Khartoum, Gordon and Gladstone

When Gordon Brown stood up to present his 11th budget, he did not miss the occassion to remind the MPs that only one man before him - Gladstone - had the distinction of presenting eleven budgets. In fact, Gladstone did 12, but by the time he was doing his 11th, he was already the Prime Minister.

His intended audience, of course, was Tony Blair, who is supposed to retire end of June, and hand over the No. 10 to Gordon Brown. It may be a fairly short lease, as things are not looking good for Labour, and Gordon Brown must inject some new ideas and thoughts to lift its fortunes. However, so far, it is not looking so good.

Take Iraq, for example. Brown has said little what he will do with Iraq. Withdrawing may quickly become as big a disaster as staying on. It seems that withdrawing now will cede space to Iran, at a juncture when they are increasingly defiant and becoming a real risk.

Or, fiscal policies for example. If Brown did anything new in his budget, it was playing with trivia, and this budget was promptly dubbed as a '2p Budget' in the media. Not very helpful, I suppose! The other new idea was to try to turn Green, but so far the policy seems to be imposing taxes that affect people trying to live a normal modern life, than demonstrating any sincere intention to make a difference. Green taxes, fine - but where is the additional investment in transport which will make it easy for people to shun cars and airplanes? Where is the drive for renewable energy? Brown certainly does not want to present his 12th budget.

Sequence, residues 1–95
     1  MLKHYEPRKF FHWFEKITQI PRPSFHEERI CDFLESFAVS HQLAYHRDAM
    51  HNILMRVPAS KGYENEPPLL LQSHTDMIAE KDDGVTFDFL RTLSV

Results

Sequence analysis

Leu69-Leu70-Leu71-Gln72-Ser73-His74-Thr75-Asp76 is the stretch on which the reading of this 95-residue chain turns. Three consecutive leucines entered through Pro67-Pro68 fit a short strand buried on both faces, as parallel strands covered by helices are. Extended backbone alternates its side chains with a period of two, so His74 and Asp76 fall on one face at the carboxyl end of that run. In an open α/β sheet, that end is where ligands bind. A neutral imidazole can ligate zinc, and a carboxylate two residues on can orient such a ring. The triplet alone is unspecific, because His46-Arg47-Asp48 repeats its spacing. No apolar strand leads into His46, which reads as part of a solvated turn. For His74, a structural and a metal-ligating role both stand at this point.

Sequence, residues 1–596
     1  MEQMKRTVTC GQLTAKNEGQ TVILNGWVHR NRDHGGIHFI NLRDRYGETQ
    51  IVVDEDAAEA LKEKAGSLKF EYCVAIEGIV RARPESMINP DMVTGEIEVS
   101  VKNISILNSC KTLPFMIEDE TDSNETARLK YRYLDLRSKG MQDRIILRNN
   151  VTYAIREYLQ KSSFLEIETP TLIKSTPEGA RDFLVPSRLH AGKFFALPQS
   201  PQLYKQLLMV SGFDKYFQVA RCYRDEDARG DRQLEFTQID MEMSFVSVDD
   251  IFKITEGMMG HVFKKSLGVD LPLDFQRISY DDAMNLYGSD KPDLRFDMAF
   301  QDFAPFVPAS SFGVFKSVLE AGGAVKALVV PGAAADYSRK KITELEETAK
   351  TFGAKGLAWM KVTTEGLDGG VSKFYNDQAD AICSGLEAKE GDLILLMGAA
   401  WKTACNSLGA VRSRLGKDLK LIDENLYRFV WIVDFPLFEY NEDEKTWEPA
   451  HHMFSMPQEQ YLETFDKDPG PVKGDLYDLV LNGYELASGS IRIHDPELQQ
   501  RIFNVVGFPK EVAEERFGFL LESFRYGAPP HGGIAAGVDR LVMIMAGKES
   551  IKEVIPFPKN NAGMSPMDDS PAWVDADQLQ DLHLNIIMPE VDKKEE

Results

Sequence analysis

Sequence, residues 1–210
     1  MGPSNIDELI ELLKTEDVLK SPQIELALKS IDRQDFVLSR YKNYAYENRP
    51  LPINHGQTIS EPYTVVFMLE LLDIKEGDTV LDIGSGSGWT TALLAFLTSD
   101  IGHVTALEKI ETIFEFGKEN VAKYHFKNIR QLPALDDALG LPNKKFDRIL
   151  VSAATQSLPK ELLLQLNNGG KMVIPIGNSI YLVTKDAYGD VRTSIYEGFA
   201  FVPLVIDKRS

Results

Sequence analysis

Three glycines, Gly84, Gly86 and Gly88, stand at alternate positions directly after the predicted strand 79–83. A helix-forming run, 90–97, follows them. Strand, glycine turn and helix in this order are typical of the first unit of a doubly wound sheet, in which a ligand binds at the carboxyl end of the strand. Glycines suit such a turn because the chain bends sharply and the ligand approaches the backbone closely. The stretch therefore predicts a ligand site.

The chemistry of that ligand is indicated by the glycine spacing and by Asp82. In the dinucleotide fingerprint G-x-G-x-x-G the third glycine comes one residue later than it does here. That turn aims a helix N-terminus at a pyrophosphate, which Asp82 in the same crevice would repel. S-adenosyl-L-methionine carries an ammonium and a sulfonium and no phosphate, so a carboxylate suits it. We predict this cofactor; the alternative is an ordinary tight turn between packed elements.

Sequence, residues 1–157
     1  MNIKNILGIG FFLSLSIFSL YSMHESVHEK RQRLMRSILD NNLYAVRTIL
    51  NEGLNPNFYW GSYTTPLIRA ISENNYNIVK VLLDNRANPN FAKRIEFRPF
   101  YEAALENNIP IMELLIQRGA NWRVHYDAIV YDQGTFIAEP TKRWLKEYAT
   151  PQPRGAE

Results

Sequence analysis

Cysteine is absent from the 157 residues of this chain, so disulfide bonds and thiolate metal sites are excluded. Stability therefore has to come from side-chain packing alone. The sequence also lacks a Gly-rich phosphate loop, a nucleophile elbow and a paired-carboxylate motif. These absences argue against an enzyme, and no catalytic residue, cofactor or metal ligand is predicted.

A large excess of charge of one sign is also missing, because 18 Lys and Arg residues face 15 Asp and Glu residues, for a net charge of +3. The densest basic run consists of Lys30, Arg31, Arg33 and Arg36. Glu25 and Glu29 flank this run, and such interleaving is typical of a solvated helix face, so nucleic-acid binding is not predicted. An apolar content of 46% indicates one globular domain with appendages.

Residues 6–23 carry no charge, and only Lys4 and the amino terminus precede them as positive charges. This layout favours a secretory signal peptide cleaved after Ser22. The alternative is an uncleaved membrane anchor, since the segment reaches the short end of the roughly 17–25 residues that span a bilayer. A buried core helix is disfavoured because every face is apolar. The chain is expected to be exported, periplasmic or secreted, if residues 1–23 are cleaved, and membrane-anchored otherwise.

Also, another favourite parallel - now there is a problem in Khartoum, there is a Gordon who invokes Gladstone. I do believe that Sudan is becoming a huge embarassment, a clear evidence that the West does not care, and will undermine Western influence in Africa completely if this is allowed to go on. Along with Bush administration's ill-advised intervention in Somalia, the ongoing disaster in Sudan will further weaken the standing of Western powers in Africa. Not a good thing - as it seems that the next proxy war between superpowers will be fought on African soils.

Britain needs to take a stance, quickly, on Darfur. There is a genocide going on. Keeping hands off - a Gladstonian mistake - will brand Gordon Brown as the man who lost Africa. Besides, it will further emphasize the view that Anglo-Saxon powers only act on their commercial greed and self-interest, and the moral stand they always seem to talk about, is nothing.

So, Gordon Brown has a choice - between being Gordon and being Gladstone - on Sudan. Sadly, we almost know who he will intend to follow.

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